Early Shaker Spirituals: A Record Album Interpretation presents all 20 songs from side A of a 1976 LP recorded at the dwindling Shaker community in Sabbathday Lake, Maine. After the liner notes for each song are read aloud, four women in plain 19th century dress sing along with the actual spinning record as it is transmitted to them through wireless receivers. The voice of Suzzy Roche is especially haunting, lean and lonesome and saturated with pastness like a faded tintype. While we listen to these contemporary reproductions of long departed voices, we sometimes hear the faint traces of the original recorded sound leaking into the room from the women’s earpieces. As the New York Times has written: “The aural effect is subtle and eerie, suggesting a kind of phantasmal possession of the present by the past or, if you prefer, the eternal.”[i]

Sitting quietly, passive and still, replicating out loud what they are hearing in their ear, the singers seem to be channeling something not of their own making, a transcendent voice entering the present world by first passing through their own souls and bodies. It feels like the spiritual ventriloquism of biblical prophecy. What shall I sing? Sing this. How fitting for a repertoire which the Shakers often attributed to the gifts of unseen spirits or divine inspiration.

The contrast of the singers’ personal inexpressiveness with such passionate, ecstatic and sometimes eschatological song texts (“with leaping and with dancing / we’ll hail the jubilee”) only strengthens the sense of otherness. What they sing does not come from them, but through them. It is not a spontaneous construct whipped up by emotional display. Such unassertive transparency achieves a strange oracular force. We hear a message from beyond.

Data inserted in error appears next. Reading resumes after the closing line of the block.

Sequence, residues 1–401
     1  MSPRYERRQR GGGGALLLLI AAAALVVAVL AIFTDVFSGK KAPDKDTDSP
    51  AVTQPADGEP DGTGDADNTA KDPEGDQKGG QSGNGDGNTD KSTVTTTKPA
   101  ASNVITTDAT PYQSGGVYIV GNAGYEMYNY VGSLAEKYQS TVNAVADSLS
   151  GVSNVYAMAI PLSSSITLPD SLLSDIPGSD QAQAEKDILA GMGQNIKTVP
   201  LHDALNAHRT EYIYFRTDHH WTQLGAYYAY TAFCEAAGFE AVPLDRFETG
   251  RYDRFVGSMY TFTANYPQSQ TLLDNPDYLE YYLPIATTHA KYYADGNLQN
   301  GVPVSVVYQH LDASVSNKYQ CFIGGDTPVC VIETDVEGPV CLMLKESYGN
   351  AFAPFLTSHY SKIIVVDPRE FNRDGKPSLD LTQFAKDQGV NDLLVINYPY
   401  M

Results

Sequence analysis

Even when the singers rise from their chairs to approximate the original Shaker dances, it is not an exaltation of the self, but a yielding to the higher rhythms of divine choreography. As they reel, turn and twist to “shake out all the starch and stiffening,” they do not express. They surrender.

When I saw this compelling performance the other night in Los Angeles’ Redcat Theater, I was transported – whether to the past, or to the eternal, who can say? But I came away touched by a larger world than my ordinary domain. Voices distant in time had spoken to me. And is this not analogous to the eucharistic liturgy? We listen to ancient voices as if they were here and now, and speak their words from our own lips. Transparent presiders at the altar reproduce actions first performed in Jerusalem 2000 years ago. If we manage to keep our ego out of the way in the liturgy, the eternal Word, like that 1976 Shaker recording, may be heard and received in the fresh particularity of the now.

Some of the Wooster Group might take issue with my theological interpretation. Frances McDormand, the ensemble’s best-known actress, has resisted the religious dimensions of the Shaker tradition, preferring to stress the communal qualities of their musical environment. “It’s not religiously based,” she said in an interview. “It’s more poetic. There are parables to it, but it’s not about Jesus so it’s a little bit easier to take.”[ii]

Such indifference to Christian theology and practice is the common currency of secular modernity, the default position posing a perpetual challenge to those who would speak of faith. Many people think of Jesus and Christianity as something over and done, at least for them.

And yet, here is a cutting edge theater troupe performing religious songs without irony or ridicule, in a creative simulacrum of the otherness of the music’s reputedly transcendent source. While I won’t presume to baptize the Wooster Group, or attribute overt belief where it is explicitly denied, I still wonder whether there might yet be something larger at work in the world than any of us are able either to understand or admit. Whatever the Wooster Group actually thinks about what they are doing, and whatever ideas I might have about it, the “simple gifts” of love and delight go on being given and being received. Whether the mechanism of that exchange can be adequately described or named is perhaps the least important part of the whole thing. Experience trumps the language we put to it. In the end, you don’t need to possess the perfect map before you can dwell in “the valley of love and delight.” You’re already there. Its song is already whispering in your ear.

[i] Ben Brantley, The New York Times, May 29, 2014

[ii] James Kim interview with Frances McDormand, KPPC radio, Jan. 21, 2015